Our theory: if you can meet a designers standards, we can assist all shoppers searching for a specific product.
To get on the Vishion waitlist, we asked designers to tell us their color search stories, as well as the amount of time they typically spend searching when color is a factor. Of the more than 250 interior designers are on our waitlist, 68% saying it takes at least an hour when searching for products of a specific color.
A quick pitch
In a matter of minutes, or even seconds, an entrepreneur must convince investors that they, and their startup, are a bet worth taking. I told you we have lofty goals to create a product search engine, with color search as our initial differentiator. But how do you explain this vision? What should you include and leave out in an initial discussion?
One thing that took me multiple conversations to understand is that it was okay to only show a small snippet of the Vishion’s plan to entice further discussion. I had concerns that I would miss opportunities because the person on the other end wasn’t seeing the whole picture.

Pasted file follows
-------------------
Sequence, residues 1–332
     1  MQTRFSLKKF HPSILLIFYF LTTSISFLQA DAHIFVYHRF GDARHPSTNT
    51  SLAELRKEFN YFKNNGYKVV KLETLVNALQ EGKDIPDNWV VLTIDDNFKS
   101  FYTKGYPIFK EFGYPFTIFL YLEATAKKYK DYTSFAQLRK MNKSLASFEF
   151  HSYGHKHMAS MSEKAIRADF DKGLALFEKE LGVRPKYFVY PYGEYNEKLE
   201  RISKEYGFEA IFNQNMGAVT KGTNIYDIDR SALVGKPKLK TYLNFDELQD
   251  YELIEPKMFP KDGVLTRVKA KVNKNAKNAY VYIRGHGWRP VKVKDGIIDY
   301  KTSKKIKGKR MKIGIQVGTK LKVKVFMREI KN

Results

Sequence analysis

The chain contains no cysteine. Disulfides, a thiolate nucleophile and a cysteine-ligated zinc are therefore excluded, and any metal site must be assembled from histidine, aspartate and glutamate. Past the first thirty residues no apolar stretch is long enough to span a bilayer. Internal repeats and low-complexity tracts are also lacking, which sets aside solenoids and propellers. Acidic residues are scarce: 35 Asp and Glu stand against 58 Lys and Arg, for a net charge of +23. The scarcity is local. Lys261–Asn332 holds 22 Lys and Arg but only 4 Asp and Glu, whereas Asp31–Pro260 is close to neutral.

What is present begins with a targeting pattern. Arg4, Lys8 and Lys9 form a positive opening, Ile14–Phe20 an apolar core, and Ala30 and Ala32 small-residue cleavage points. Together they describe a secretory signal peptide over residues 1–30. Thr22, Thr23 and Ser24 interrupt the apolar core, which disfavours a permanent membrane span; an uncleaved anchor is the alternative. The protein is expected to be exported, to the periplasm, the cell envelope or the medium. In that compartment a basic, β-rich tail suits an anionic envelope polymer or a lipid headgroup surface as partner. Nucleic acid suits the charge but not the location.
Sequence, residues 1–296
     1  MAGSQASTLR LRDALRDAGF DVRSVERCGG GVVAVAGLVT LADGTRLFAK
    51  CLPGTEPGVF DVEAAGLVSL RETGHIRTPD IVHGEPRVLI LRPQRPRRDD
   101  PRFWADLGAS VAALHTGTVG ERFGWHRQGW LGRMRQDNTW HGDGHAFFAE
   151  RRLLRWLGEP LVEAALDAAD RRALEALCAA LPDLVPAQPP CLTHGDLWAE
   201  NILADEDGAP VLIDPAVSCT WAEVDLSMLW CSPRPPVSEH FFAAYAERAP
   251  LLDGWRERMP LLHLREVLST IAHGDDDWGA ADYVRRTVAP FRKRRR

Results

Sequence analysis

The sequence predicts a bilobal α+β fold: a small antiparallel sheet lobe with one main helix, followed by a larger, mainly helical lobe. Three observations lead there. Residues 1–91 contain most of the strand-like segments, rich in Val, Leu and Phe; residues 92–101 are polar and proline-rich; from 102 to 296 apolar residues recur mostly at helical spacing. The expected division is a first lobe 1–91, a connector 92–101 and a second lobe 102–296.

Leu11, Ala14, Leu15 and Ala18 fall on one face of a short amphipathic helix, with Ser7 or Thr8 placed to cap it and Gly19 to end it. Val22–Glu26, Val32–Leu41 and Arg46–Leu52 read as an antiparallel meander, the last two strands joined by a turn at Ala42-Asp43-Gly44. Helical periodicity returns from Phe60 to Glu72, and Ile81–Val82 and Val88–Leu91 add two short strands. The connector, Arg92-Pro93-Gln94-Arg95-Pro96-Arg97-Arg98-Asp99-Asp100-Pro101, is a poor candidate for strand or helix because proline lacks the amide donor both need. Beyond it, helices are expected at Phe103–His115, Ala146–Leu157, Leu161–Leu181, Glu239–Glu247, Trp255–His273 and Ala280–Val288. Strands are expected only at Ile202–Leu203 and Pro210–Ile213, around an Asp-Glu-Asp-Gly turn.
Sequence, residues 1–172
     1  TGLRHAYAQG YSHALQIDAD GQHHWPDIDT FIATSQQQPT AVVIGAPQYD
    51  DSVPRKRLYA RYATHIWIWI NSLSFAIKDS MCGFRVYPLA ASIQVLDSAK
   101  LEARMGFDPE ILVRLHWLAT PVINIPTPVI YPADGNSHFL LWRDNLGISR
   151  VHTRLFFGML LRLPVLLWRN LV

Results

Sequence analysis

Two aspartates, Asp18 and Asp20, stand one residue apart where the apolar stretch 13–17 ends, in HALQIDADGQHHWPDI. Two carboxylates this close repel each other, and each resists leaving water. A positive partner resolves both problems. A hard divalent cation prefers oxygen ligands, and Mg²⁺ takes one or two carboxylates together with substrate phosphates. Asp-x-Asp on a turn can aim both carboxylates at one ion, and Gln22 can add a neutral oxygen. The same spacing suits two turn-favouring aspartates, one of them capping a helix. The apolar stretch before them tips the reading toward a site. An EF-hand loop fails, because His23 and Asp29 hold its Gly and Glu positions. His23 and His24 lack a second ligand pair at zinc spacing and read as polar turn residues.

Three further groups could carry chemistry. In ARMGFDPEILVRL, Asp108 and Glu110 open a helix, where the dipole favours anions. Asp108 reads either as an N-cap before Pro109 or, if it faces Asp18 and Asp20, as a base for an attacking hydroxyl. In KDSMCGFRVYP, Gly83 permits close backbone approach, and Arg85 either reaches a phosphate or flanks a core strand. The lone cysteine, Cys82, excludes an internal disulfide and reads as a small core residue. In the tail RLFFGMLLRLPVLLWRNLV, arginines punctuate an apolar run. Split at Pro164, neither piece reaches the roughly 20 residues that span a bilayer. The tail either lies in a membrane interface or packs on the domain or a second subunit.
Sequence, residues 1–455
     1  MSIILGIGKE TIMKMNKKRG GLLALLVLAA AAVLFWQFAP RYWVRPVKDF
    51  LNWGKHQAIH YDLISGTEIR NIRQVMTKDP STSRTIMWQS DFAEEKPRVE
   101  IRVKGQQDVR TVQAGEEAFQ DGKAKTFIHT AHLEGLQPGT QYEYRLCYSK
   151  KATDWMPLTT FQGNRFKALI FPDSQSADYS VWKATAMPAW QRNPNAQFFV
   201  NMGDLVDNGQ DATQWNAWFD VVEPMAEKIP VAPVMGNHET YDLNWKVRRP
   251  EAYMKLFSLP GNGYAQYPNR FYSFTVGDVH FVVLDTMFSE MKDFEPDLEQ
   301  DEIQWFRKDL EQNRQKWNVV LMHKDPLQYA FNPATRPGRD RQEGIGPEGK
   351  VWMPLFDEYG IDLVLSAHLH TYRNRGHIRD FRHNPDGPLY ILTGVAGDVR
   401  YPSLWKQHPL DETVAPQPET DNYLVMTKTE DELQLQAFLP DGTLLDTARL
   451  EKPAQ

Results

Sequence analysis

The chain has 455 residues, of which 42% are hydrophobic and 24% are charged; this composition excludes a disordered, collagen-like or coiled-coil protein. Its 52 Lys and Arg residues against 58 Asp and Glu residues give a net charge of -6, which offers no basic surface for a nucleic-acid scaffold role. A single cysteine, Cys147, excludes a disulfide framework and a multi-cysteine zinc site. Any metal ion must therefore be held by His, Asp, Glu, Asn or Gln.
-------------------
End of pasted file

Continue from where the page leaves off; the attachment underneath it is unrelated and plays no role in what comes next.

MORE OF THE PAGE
What I learned was the initial nugget was enough to get people excited about the entire gold mine.
Presented in its entirety, those listening would get overwhelmed with the grand idea or think we were unfocused. Although that wasn’t the case, the opportunity was already missed because they would assume we didn’t have a clear go to market strategy.
With a lot of practice, I would say we’ve come close to perfecting our pitch. We are constantly making fixes, especially as the audience we speak with changes. While our messaging has gained clarity, the mission is still the same. Vishion is a color-focused search engine, with the potential to provide the best product search and suggestion online. Get on the Vishion waitlist and follow us on Linkedin for company updates today.